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Increased risk of blood clots on the lung for patients with autoimmune diseases

In a nationwide study based on data from the in-patient register, researchers at Lund University have studied the risk of a blood clot on the lung for patients with autoimmune diseases such as rheumatoid arthritis, inflammatory bowel disease and type 1 diabetes. The study showed that 31 of the 33 autoimmune diseases studied were associated with an increased risk of pulmonary embolism – a blood clot on the lung.

Autoimmune diseases, in which the immune system attacks the body, are fairly common. Thyroid diseases, type 1 diabetes, rheumatoid arthritis, psoriasis and inflammatory bowel disease are some examples. Autoimmune diseases are associated with increased inflammation in the tissue, which in some cases is linked to an increased propensity to develop clots in the veins.

“The most dangerous complication of a blood clot is a blood clot on the lung”, says Associate Professor Bengt Zöller, who is the principal investigator for the study, which was carried out at the Centre for Primary Health Care Research in Malmö, Sweden.

The study involved 535 000 patients who had been admitted to hospital for 33 different autoimmune diseases. The risk of a blood clot on the lung was compared with the risk for individuals who had not been admitted to hospital for an autoimmune disease. The risk was adjusted to account for other diseases, age and socioeconomic factors. The results show that 31 of the 33 autoimmune diseases studied were associated with an increased risk of a blood clot on the lung.

“The risk was particularly high in the first year – around six times higher on average in all the groups with autoimmune diseases compared with the control group. For some of the diseases, the risk was even higher in the first year”, says Bengt Zöller.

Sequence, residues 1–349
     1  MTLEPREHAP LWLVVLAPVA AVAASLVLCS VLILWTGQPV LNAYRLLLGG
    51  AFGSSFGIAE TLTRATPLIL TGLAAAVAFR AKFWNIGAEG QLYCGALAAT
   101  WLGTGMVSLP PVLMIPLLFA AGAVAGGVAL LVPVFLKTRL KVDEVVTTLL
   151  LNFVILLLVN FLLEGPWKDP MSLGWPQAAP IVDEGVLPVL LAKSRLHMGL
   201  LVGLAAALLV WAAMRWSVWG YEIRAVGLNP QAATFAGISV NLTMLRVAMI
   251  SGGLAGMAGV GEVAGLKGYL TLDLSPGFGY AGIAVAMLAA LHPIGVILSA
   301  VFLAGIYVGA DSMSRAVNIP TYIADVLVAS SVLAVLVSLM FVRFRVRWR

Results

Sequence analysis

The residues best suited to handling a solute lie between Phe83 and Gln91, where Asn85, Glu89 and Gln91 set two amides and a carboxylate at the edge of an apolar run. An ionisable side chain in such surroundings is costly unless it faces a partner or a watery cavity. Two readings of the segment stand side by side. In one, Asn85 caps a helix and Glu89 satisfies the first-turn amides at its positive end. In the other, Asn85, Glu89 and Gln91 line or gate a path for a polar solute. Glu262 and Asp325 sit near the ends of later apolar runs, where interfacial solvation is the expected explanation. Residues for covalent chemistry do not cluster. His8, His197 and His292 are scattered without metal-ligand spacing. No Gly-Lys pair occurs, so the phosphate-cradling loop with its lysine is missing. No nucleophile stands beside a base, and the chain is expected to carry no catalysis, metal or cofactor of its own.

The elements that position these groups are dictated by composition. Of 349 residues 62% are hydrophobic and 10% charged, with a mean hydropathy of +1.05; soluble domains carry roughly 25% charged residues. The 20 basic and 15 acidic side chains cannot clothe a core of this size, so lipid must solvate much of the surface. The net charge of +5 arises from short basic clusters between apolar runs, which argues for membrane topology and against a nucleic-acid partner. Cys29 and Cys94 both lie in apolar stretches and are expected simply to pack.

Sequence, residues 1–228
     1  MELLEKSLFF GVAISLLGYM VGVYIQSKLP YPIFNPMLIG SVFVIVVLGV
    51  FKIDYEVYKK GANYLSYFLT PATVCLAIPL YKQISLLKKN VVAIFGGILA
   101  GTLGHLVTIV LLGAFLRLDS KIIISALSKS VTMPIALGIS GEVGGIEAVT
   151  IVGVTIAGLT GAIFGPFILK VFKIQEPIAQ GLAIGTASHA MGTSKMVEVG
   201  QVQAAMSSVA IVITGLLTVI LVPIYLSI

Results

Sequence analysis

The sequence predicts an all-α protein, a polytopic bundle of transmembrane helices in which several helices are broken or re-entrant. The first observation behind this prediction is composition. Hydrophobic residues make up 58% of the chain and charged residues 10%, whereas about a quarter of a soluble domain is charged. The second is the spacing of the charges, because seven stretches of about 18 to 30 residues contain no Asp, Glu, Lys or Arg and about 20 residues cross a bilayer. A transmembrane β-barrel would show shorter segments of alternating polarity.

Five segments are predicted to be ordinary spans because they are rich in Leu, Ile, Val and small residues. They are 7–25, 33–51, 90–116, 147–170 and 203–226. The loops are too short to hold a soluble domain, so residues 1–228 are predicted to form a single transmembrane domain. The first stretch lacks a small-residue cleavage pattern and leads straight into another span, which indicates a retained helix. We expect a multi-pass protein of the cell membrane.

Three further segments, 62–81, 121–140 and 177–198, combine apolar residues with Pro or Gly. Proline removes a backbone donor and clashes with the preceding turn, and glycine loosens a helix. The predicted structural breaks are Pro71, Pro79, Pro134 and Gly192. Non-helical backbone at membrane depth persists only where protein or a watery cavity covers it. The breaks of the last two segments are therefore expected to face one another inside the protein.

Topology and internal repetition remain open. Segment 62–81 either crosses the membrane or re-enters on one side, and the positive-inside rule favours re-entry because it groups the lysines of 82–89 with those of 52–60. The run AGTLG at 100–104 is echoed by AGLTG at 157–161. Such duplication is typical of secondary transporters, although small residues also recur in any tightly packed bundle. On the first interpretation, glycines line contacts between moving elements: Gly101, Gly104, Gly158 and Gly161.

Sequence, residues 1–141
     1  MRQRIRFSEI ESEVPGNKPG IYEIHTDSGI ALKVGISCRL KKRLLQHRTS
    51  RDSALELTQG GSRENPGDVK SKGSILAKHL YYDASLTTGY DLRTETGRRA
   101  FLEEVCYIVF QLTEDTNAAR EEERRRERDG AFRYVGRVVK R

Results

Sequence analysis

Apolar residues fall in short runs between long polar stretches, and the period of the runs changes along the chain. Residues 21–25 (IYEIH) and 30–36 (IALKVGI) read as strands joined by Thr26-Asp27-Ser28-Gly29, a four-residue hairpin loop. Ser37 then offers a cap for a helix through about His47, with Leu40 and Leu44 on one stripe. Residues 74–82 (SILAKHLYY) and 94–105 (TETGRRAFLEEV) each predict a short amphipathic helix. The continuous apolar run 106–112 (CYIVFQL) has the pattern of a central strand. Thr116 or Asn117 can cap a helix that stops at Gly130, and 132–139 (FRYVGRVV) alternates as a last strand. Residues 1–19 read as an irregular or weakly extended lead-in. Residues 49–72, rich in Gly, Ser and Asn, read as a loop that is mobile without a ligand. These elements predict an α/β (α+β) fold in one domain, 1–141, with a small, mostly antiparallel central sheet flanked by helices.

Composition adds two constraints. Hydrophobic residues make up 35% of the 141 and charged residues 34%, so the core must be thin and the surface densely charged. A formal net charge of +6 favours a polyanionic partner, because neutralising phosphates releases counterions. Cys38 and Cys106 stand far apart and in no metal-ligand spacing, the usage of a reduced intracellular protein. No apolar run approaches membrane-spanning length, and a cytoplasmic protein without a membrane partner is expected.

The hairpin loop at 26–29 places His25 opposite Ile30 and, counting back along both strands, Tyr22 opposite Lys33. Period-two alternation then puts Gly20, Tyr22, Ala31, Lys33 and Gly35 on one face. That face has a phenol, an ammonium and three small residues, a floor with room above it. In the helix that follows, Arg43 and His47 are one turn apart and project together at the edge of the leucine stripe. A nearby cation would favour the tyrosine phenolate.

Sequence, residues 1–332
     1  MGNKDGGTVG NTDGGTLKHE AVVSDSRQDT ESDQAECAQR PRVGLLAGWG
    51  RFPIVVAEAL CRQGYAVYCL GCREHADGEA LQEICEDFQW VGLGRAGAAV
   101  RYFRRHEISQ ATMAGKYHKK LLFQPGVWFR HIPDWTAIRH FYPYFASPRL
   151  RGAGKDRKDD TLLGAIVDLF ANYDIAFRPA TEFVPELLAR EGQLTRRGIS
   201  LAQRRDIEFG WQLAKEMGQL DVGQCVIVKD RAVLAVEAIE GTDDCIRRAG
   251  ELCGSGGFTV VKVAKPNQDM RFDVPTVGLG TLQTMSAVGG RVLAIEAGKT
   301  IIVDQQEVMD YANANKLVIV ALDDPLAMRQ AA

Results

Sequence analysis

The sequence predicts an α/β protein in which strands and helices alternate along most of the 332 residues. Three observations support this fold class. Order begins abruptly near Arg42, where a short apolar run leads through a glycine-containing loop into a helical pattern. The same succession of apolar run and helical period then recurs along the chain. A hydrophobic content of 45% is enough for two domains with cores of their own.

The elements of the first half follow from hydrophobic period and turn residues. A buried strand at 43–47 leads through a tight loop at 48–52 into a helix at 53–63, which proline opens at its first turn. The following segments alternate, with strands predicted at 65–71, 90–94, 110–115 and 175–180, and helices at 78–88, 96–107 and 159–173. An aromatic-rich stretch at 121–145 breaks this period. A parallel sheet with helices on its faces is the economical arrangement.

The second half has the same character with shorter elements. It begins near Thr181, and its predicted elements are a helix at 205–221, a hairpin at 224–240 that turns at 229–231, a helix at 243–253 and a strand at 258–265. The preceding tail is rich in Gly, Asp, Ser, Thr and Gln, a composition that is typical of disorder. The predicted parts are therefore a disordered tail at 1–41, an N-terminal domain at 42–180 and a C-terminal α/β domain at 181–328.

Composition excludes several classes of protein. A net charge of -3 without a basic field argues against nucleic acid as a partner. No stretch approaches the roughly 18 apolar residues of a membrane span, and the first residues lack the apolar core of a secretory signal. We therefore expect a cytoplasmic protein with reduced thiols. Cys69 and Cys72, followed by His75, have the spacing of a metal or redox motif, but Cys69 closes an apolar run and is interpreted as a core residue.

The diseases that stand out are idiopathic thrombocytopenic purpura (lack of platelets caused by an immune response), systemic lupus erythematosus (SLE), polymyositis (muscle inflammation), dermatomyositis (skin and muscle inflammation) and polyarteritis nodosa (inflammation in medium-sized arteries), which all had at least a tenfold risk increase. Rheumatoid arthritis, a relatively common disease, was associated with a sevenfold increase in the risk of a blood clot on the lung. Type 1 diabetes entailed a sixfold increase in the risk of a blood clot on the lung in the first year following hospital treatment.

“The risk of a blood clot fell with time. It was still around 50 per cent higher after 1–5 years, yet there remained an increased risk for up to ten years after the first admission to hospital for many autoimmune conditions”, stresses Bengt Zöller.

The research suggests that it is possible that patients who have been admitted to hospital for autoimmune diseases require preventive treatment for blood clots in the same way as following major surgery.

“However, further controlled studies are needed to determine the effect of preventive treatment”, says Bengt Zöller.

The full publication can be found in the Lancet journal online: Zöller B., Li X., Sundquist J., Sundquist K. ‘Risk of Pulmonary Embolism in Patients with Autoimmune Disorders: a nationwide follow-up study from Sweden’. Lancet 2011.

Contact information:

Bengt Zöller, Centre for Primary Health Care Research, Lund University and Region Skåne, Sweden, +46 40 391954, +46 706 691476,

Megan Grindlay | idw
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